Proactive collection development is paramount to the Newberry’s mission of serving research in the humanities. Each potential acquisition the library considers is intensely scrutinized with the goal of selecting unusual and evocative books and manuscripts most likely to challenge opinions, expand knowledge, kindle the imagination, and stimulate original research.
Case DS421 .W748 1869
This rare travel and description narrative is another pre-Fire Chicago imprint from the Lane Theological Seminary, new to the Newberry's holdings. This is a rare example of a pre-Fire imprint publisher's black cloth binding and "Illustrated by numerous engravings." The preface states that the information contained in this volume has been collected by personal research and extensive travel in India and by compilation from authentic sources.
Wing ZP 538 .P41
The Book of Tobit belongs to the Apocrypha, i.e. those Biblical books for which no Hebrew text exists but which formed part of the canonical Old Testament in Greek. Two separate Greek versions of Tobit survive. Sebastian Münster, originally trained in Biblical languages as a Franciscan friar and later a leading Protestant, took one of them, retranslated it into Latin and simultaneously created a new Hebrew version as a veritable recreation of the Hebrew text that had been lost. This second edition is extremely rare, and only two other copies are known.
John Lardner Papers Box 13 Folder 386
A noted sportswriter, humorist, reporter, and critic, John Lardner worked during World War II as a war correspondent in North Africa, Europe, and Australia for Colliers Weekly, the North American Newspaper Alliance, and Newsweek. On April 4, 1943, Lardner sent this dispatch as he accompanied American forces chasing Rommel’s retreating army in Tunisia. Note that the Field Press Censor removed all references to specific divisions and commanders.
Vault folio Inc. 4319
During the Renaissance, many of the Latin and Greek classics were translated into the vernacular. This anonymous Italian version of Justinus is a very early example; it is in fact now the earliest printed vernacular translation of a classical text in the Newberry’s collection. The principal subject of this work is the empire founded by Philip, the father of Alexander the Great. The original Latin text of 44 books was lost with the fall of Rome, and its context is today known only in Justinus’ abbreviated form.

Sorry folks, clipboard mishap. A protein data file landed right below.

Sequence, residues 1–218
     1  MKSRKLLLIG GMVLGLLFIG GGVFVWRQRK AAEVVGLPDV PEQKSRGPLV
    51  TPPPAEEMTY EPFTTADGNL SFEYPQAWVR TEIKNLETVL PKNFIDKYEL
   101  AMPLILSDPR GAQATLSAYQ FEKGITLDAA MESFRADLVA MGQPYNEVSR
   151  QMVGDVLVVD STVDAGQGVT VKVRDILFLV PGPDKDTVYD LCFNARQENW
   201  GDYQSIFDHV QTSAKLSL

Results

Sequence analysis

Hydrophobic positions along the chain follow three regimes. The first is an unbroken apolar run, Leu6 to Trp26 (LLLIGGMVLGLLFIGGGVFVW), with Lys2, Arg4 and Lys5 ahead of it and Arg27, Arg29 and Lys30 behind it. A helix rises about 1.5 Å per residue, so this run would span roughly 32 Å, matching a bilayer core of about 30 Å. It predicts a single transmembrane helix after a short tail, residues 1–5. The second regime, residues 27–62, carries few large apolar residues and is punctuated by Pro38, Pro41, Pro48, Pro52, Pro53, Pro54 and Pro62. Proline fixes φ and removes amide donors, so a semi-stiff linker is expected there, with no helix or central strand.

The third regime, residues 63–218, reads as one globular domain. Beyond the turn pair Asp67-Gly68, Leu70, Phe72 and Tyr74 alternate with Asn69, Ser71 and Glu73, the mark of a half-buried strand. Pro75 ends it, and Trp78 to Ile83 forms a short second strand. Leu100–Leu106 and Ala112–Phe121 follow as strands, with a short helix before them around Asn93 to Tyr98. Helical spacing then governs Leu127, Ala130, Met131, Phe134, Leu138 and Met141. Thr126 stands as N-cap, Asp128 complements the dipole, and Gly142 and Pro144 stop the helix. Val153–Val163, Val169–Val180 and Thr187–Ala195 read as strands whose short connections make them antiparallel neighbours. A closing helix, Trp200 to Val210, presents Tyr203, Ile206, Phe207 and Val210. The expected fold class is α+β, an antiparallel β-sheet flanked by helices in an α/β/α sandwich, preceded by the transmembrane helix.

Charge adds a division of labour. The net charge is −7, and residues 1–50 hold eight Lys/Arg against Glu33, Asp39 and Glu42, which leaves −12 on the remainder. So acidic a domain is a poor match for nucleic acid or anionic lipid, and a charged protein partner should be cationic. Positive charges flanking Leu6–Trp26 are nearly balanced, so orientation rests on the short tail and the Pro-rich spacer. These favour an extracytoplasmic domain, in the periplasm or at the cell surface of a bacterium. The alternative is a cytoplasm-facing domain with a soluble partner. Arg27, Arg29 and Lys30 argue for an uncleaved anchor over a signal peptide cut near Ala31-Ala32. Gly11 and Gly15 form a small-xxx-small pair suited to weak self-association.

Vault Map9C G4050 1811 .C5
One of the few manuscript maps that can be associated with the Lewis and Clark expedition, this map was for over a century in the possession of an upstate New York family, before going to auction in 2003. It is a reduced copy of William Clark’s 1806-1811 manuscript map (now at Yale University), and was very likely prepared by George Shannon, a private in the Corps of Discovery, who worked in Philadelphia with Nicholas Biddle, the editor of the Lewis and Clark Journals. In 2003, Mr.
Wing folio ZP 538 .P42
Bishop of Nocera and humanist historian, Paolo Giovio (1483-1552) assembled a private collection of portraits of virtuous men that formed the basis of this posthumous publication, the first illustrated edition of a work that Giovio had originally published without woodcuts in Florence in 1551. The woodcuts added are by Tobias Stimmer (1539-1584). A recent Newberry fellow, Professor Susan Gaylard pointed out that Giovio in his lifetime had envisioned a version of his work illustrated by hand-colored woodcuts.
Case BT 715 .W45 1595
One of only two extant copies, this book is an Elizabethan handbook on the art of dying. Such books were small and easily carried in a pocket; prefatory matter indicates that they were intended for use by ministers or by devout laymen in helping those terminally ill to die with the comfort of faith. Printed in ever increasing numbers from the fifteenth through the eighteenth centuries, these handbooks had essentially the same purpose in the Anglican Church as the older Ars Moriendi had for the Church of Rome.
Wing ZP 535 .B633
Abraham Balmes (ca. 1440-1553) was a celebrated translator into Latin of Arabic scientific and philosophical works that had been transmitted to Western Europe only in Hebrew versions. An important figure of the Hebrew Renaissance (the subject of a major Newberry exhibition in 1997), Balmes addressed this grammar to a gentile readership, and it subsequently exercised great influence on Christian Hebraists.